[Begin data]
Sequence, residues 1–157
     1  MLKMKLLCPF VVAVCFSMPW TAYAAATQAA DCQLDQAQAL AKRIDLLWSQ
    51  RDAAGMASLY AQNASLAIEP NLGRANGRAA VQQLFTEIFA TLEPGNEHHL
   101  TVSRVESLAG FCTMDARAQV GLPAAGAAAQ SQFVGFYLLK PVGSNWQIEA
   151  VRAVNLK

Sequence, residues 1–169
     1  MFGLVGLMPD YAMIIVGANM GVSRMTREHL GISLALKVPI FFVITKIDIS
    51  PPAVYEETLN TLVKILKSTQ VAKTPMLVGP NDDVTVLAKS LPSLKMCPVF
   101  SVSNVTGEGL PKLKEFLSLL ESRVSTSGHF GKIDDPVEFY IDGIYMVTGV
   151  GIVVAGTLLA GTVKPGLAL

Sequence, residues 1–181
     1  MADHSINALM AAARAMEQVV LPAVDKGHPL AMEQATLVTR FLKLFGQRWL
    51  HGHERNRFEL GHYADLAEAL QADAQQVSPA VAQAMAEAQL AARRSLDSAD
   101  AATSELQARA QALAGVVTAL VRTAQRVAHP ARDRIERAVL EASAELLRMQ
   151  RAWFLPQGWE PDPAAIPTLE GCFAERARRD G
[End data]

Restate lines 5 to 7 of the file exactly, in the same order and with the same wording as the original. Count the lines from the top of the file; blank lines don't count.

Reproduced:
   151  VRAVNLK

Sequence, residues 1–169
     1  MFGLVGLMPD YAMIIVGANM GVSRMTREHL GISLALKVPI FFVITKIDIS